Teenager beats cancer twice to lead vital fundraising drive

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Inspirational teenager Sally Cornes has bounced back from cancer twice to became the face of a new fundraising campaign.

The 13-year-old has been chosen to launch TK Maxx’s Give Up Clothes for Good campaign, in support of Cancer Research UK for Children and Young People to mark Childhood Cancer Awareness Month all September.

The Parklands High School student was first diagnosed with a rare form of bone cancer called Ewings Sarcoma three years ago, after experiencing a nagging pain in her back which wouldn’t go away.

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Sally was 10-years-old at the time and in her final year at primary school. It was first thought she had pulled a muscle from her gymnastics and dancing classes. But as the weeks went on, her pain got worse and it started to wake her up in the middle of the night.

Sally Cornes, 13, of Chorley, has beaten cancer twiceSally Cornes, 13, of Chorley, has beaten cancer twice
Sally Cornes, 13, of Chorley, has beaten cancer twice

Eventually the pain got so bad Sally could barely move her body, and her concerned parents Jo and Richard rushed her to accident and emergency at 3am.

Initially doctors put the pain down to a chest infection but after a series of tests and scans, Sally’s family received the devastating news that their daughter had a cancerous tumour on her rib.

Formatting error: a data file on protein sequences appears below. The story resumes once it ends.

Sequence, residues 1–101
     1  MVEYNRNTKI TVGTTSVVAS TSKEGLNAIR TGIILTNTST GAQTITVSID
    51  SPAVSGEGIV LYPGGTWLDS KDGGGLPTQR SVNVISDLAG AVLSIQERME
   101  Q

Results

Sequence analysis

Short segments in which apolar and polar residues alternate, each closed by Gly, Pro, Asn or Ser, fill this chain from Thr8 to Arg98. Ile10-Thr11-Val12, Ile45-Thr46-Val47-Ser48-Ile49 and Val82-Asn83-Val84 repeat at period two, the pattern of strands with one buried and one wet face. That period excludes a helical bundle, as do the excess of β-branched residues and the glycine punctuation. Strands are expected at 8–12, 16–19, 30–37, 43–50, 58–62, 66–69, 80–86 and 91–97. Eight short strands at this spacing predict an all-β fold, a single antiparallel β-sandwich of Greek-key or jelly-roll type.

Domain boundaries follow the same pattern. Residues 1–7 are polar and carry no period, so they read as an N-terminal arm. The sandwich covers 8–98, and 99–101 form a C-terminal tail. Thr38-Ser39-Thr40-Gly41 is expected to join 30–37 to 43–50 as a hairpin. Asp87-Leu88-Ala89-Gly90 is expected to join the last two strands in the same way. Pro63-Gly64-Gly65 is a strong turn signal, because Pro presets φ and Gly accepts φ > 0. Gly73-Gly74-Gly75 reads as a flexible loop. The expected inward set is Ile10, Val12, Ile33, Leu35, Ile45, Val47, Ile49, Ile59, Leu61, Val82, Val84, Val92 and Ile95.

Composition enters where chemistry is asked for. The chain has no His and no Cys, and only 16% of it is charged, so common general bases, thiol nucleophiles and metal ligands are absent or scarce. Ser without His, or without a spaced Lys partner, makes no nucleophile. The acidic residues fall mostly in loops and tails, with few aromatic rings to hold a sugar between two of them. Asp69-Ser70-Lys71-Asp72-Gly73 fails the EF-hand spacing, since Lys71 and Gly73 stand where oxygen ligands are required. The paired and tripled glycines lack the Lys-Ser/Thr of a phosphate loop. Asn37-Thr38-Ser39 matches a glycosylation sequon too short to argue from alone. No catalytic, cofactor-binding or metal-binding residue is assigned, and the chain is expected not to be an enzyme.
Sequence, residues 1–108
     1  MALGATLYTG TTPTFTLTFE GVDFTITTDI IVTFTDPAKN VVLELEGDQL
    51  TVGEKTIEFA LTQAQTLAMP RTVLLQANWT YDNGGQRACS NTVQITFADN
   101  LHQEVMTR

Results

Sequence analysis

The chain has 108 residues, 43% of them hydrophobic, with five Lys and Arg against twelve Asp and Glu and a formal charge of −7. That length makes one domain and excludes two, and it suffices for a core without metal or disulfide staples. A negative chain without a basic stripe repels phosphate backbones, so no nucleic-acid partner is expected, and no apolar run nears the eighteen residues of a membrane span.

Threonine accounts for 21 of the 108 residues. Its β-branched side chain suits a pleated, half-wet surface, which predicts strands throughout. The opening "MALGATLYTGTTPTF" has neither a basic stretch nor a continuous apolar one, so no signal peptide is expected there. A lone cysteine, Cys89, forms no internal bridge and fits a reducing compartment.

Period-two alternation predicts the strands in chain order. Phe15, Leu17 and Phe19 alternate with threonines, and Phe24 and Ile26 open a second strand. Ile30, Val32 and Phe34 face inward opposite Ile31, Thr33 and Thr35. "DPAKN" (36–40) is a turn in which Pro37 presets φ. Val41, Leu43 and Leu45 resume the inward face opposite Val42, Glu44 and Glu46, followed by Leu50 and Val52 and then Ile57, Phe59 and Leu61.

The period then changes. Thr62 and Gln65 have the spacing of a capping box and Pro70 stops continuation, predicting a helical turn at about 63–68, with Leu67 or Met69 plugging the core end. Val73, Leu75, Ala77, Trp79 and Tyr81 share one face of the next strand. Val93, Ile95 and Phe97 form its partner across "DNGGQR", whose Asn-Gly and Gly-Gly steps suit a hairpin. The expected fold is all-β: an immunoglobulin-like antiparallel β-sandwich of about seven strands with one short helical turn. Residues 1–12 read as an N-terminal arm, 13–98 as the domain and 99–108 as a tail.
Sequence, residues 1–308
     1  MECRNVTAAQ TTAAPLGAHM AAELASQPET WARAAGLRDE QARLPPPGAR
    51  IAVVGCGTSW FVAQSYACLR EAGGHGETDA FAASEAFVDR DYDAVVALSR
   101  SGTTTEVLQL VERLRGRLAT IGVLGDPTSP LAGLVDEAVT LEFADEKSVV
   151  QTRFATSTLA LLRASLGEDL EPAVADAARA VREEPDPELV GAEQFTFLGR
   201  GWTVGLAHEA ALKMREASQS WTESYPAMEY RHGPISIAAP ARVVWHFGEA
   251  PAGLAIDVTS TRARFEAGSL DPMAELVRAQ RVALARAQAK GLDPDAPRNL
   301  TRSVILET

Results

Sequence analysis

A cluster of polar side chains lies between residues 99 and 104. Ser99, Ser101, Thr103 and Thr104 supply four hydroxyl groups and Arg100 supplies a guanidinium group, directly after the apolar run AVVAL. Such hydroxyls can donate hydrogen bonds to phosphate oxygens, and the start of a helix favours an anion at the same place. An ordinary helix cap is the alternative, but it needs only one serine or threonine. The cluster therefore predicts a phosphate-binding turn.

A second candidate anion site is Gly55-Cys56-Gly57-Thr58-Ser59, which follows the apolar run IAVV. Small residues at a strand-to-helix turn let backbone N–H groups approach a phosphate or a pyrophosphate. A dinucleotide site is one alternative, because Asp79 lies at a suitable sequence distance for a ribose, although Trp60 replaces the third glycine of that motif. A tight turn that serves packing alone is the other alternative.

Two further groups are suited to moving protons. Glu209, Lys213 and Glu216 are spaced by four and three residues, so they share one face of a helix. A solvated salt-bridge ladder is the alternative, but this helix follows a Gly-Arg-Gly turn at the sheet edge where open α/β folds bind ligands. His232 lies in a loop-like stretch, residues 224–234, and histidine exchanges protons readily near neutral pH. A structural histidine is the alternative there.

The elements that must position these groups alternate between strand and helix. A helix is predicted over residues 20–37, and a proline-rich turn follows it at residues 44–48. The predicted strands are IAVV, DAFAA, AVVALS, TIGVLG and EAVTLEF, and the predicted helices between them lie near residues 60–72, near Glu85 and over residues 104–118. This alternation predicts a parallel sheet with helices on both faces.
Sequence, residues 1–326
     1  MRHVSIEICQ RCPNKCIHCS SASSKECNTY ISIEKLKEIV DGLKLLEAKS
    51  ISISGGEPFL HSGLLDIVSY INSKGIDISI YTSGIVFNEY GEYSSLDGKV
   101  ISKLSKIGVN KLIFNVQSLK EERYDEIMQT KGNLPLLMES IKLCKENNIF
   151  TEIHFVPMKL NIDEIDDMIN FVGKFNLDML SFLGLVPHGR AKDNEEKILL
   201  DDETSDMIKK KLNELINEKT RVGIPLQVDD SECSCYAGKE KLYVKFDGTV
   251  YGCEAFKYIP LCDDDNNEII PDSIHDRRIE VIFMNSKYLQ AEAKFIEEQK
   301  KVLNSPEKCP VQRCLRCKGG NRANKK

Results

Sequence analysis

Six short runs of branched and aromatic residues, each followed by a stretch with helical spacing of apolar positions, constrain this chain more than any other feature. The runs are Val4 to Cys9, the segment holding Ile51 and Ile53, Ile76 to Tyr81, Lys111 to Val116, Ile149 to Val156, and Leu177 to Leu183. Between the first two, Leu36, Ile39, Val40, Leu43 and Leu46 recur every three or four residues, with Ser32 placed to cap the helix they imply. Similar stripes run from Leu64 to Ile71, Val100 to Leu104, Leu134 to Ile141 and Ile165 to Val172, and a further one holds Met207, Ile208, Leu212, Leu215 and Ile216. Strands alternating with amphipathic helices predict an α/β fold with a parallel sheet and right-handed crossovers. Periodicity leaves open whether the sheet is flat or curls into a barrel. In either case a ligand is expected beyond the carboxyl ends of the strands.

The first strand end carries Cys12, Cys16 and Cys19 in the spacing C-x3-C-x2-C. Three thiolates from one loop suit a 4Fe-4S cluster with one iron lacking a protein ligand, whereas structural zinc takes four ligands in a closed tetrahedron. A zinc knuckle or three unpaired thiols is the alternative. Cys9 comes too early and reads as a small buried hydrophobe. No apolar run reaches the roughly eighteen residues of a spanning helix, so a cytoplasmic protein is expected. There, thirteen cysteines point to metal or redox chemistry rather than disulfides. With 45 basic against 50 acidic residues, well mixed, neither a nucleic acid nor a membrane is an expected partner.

Mum Jo, 48, says: “It was heart-breaking to be told that Sally had cancer and in an instant our world completely shattered. You never in a million years think this sort of thing is going to happen to your family and our world as we knew it completely changed overnight. From that point on, we knew that Sally’s treatment had to be our focus and we were swept into a whirlwind of hospital appointments and scans.”

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Sally was referred to Manchester Children’s Hospital and in the following months she underwent five-hour surgery to remove her rib as well as 14 rounds of chemotherapy and radiotherapy treatment.

Sally during chemotherapySally during chemotherapy
Sally during chemotherapy

She and her family were also flown to Germany for pioneering proton beam therapy which uses high energy radiation to target cancerous tumours.

Jo, who is also mum to 16-year-old Milly, says: “As a family we knew we had to pull together to get through this. Some of the side effects of treatment were brutal and there were days that Sally was completely exhausted, but I was absolutely amazed at Sally’s positivity and determination. She always has a smile on her face and even managed to keep up with her dance classes whenever she could.”

Sally’s father Richard, also 48, even shaved his head in solidarity with Sally, who lost her hair due to the side effects of chemotherapy.